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December 2013 Pet Newsletter February 26, 2014

With the Holidays Upon Us, It’s Time for Pet Safety Tips

holidaypicMany common pet hazards arise during the holiday season: increased traffic in the house, decorations, holiday food, candy and plants. Please keep an eye out for these hazards. Be careful, and watch for:

Food/Candy. All holiday treats are harmful to animals; this includes alcohol, rich fatty foods, scraps, candy, and bones. Just say “no” to any holiday food for your pet. Foods, too richtoo rich, too fatty or too spicy — or anything your pet’s not accustomed to — can trigger a bout of intestinal upset. For some animals, the treat can trigger a serious inflammation of the pancreas or intestine, which can mean a life-threatening illness.

Cooked poultry bones may seem like the perfect gift for the pet who has everything, but do him a favor and save them for the soup. Even the largest cooked turkey bones are prone to splintering, sending shards through the animal’s intestines. Should one pierce through the lining, the result can be deadly peritonitis.

Candy isn’t good for you and it certainly isn’t good for your pets. Aluminum and plastic candy wrappers have great texture, bright colors, and crinkly sounds that intrigue cats and dogs. Pets often will unintentionally consume these items while playing with them. This can lead to stomach upset and/or intestinal blockage. Many dogs possess a fondness for chocolate, which can be deadly. Be on the lookout for yummy-smelling packages under the tree. Your dog will surely sniff out and potentially consume these dangerous gifts. Keep all chocolate in sealed containers or cupboards and off shelves, countertops, and coffee tables.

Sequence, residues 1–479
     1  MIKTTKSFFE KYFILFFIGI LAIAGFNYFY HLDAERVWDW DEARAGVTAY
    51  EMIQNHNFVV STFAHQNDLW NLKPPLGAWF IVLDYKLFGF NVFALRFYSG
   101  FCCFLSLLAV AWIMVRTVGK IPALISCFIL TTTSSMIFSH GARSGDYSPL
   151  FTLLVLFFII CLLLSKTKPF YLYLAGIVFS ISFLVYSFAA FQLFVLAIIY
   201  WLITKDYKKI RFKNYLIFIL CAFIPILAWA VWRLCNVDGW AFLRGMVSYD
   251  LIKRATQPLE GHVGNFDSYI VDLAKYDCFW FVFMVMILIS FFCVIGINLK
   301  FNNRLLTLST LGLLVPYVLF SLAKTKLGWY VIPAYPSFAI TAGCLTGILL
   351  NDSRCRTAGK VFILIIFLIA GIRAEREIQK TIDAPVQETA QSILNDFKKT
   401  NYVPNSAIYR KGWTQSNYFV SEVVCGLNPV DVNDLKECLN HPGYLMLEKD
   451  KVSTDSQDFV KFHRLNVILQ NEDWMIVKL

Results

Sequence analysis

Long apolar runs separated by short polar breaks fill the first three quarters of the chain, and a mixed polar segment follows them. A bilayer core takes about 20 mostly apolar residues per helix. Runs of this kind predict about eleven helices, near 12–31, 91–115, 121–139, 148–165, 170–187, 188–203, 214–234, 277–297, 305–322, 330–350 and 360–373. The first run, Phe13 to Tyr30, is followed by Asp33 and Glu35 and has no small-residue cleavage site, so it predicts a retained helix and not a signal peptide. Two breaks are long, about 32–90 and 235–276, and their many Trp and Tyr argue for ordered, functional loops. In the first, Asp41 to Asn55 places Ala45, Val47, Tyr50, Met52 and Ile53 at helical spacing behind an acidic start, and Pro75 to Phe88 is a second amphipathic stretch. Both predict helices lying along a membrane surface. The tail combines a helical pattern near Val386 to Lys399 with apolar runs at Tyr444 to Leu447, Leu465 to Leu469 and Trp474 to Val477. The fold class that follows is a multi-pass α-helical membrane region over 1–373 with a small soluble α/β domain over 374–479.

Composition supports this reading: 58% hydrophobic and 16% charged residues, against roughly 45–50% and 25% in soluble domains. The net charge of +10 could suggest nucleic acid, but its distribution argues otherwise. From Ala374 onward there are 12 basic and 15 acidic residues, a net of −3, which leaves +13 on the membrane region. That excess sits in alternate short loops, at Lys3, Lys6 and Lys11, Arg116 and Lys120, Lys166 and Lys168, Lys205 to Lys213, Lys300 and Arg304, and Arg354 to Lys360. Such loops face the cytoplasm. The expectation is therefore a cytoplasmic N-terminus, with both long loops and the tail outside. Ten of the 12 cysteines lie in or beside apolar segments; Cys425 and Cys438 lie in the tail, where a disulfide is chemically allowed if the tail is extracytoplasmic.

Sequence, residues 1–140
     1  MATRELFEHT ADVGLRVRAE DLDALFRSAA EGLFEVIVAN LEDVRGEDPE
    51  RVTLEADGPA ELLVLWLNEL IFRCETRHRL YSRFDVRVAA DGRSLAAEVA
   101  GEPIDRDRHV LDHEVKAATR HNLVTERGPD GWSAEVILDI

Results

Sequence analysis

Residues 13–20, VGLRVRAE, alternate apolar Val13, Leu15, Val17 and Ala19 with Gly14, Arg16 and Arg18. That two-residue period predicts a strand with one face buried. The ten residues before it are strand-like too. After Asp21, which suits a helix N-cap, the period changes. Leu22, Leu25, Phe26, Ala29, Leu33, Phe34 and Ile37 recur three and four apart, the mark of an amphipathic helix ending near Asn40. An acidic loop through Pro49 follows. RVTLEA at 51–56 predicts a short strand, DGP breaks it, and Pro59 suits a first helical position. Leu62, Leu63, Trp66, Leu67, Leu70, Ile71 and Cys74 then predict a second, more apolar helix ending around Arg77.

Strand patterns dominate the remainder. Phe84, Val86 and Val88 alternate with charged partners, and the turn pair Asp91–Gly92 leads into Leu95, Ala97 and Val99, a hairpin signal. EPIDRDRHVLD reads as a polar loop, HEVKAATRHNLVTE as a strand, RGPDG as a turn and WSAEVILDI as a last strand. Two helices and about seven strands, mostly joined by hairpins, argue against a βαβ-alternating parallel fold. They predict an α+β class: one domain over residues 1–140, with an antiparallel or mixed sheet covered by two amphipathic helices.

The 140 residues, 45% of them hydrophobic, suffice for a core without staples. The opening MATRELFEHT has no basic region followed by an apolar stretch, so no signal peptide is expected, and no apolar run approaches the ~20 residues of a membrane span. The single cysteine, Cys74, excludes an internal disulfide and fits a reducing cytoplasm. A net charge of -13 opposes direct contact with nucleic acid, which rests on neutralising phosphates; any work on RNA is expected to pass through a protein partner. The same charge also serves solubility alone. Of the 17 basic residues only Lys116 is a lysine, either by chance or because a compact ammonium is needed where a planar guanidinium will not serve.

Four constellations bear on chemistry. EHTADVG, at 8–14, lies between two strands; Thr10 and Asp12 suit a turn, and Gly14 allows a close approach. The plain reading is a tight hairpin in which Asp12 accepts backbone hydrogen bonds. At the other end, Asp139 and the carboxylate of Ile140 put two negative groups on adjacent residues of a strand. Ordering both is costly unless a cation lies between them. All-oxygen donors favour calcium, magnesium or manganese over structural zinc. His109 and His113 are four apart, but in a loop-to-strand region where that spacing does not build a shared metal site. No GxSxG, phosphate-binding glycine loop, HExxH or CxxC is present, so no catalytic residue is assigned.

Decorations. Your beautiful Christmas tree poses many unforeseen dangers to your pet, starting with the water. Pets have a much lower line of sight, and to them a bowl of water is a bowl of water, whether there’s a Christmas tree in it or not. The problem is that pinesap mixed with water, fertilizer, and additives make that Christmas tree water toxic to your pets. Also, stagnant or long-standing tree water can harbor millions of bacteria, which, if ingested by your cat or dog, will cause nausea, vomiting, and/or diarrhea. To solve this problem, be sure to use a water container that doesn’t allow your pets access to take a drink. Such containers are usually available wherever trees are sold.

Christmas tree needles, live or artificial, are toxic, sharp, and indigestible. They can get painfully lodged in the esophagus or intestines.  Christmas tree lights can cause electrical burns, choking, or electrocution if pets play with or chew on them. Hide or tape all exposed electrical cords to the walls or floors so pets won’t chew or trip on them. Spray the cords with bitter apple or try over the counter sprays, available from your vet or pet store, that have a bitter taste and will discourage your pets from chewing. Be sure to turn off all Christmas lights when you’re not around.

Having cats or dogs in the household adds a whole new dimension to decorating the tree. Shiny glass ornaments, angel hair, twinkling lights, gold tinsel, and icicles are all irresistible toys for cats and dogs. Everything on the bottom third of your tree is up for grabs. Sharp breakable ornaments, small dreidels, ribbons, bows, ornament hooks, tinsel, and icicles are all very dangerous to pets. Every year, some poor cat or dog actually ingests a broken glass ornament, only to seriously lacerate the inside of their mouth, stomach, and intestines. Even wrapped candy canes can be ingested, causing serious problems. One solution is to decorate the bottom third of your tree with items less likely to cause trouble, such as wooden, metal, or resin-cast ornaments. Hang your treasured baubles high on the tree where they won’t get knocked down and broken or, worse, eaten by your cat or dog. Last but not least, be sure to secure the tree to a wall or ceiling, as cats and dogs are notorious for knocking that well-adorned tree right over. Falling Christmas trees not only hurt pets, but can create a potential fire hazard as well.